4.9/10
891
22 user 12 critic

So Fine (1981)

While trying to get his father out of a financial jam, a man comes up with an idea that turns into an unexpected overnight financial fashion success - the bottomless pants.

Director:

Writer:

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Cast

Cast overview, first billed only:
...
...
...
...
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Chairman Lincoln
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Sam Schlotzman
David Rounds ...
Prof. McCarthy
Joel Stedman ...
Prof. Yarnell
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Sylvia
Michael Lombard ...
Jay Augustine
Jessica James ...
Vicki
Charles Bruce Millholland ...
Sir Alec (as Bruce Millholland)
Merwin Goldsmith ...
Dave
Irving Metzman ...
Accountant
Lois De Banzie ...
Waitress in House of Pancakes
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Storyline

While trying to get his father out of a financial jam, a man comes up with an idea that turns into an unexpected overnight financial fashion success - the bottomless pants.

Plot Summary | Add Synopsis

Taglines:

A revealing comedy.

Genres:

Comedy

Certificate:

R | See all certifications »
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Details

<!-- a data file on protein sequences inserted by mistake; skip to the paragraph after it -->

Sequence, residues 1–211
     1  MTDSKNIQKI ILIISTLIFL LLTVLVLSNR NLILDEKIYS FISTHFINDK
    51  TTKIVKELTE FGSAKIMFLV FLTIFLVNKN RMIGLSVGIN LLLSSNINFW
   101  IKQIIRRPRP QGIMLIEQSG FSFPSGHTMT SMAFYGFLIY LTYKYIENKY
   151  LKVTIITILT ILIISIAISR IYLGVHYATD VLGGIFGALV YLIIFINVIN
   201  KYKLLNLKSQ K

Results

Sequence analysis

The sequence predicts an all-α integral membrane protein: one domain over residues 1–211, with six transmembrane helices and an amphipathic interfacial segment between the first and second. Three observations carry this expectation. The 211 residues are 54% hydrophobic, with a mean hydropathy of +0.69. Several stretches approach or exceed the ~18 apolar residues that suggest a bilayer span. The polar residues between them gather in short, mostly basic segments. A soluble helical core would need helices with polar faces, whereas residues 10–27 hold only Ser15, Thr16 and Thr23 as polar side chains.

Country:

Language:

Release Date:

25 September 1981 (USA)  »

Also Known As:

Amor na Medida Certa  »

Company Credits

Production Co:

 »
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Technical Specs

Runtime:

| (extended)

Sound Mix:

Color:

(Technicolor)

Aspect Ratio:

1.85 : 1
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Did You Know?

Trivia

The movie was memorable for its cheeky signature costume gimmick: skin-tight designer jeans with double plastic-bubble see through behinds, one on each buttock. See more »

Quotes

Jack: Hi, I'm Jack Fine and this is my suicidal son, Bobby.
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Connections

References The Other Side of Midnight (1977) See more »

Soundtracks

Now Is the Month of May
(uncredited)
Traditional
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User Reviews

 
Absolutely hilarious!
5 July 2006 | by See all my reviews

It is truly criminal that this movie is not available on DVD, especially when you consider the tripe that is out there.

The acting is on target and the writing is superb. Richard Kiel is perfect as the asexual mobster who forces Jack Warden to bring his dorky English professor son Ryan O'Neal into the family garment business. An affair between O'Neal and Kiel's incredibly hot wife ensues, leading to a clothing fiasco that results in the development of jeans with clear plastic back pockets and a windfall profit for the company.

O'Neal returns to school, leaving his New York garment district co-workers with Shakespeare ("We few, we happy few...") And from there the finale (Verdi's Otello, Richard Kiel in the title role, an appearance on paper by Pope John Paul II, and one of the classic lines of Jack Warden's career) can only be described as perfect.

BTW, Fred Gwinn is exceptional as the head of O'Neal's English department.

Don't miss it!


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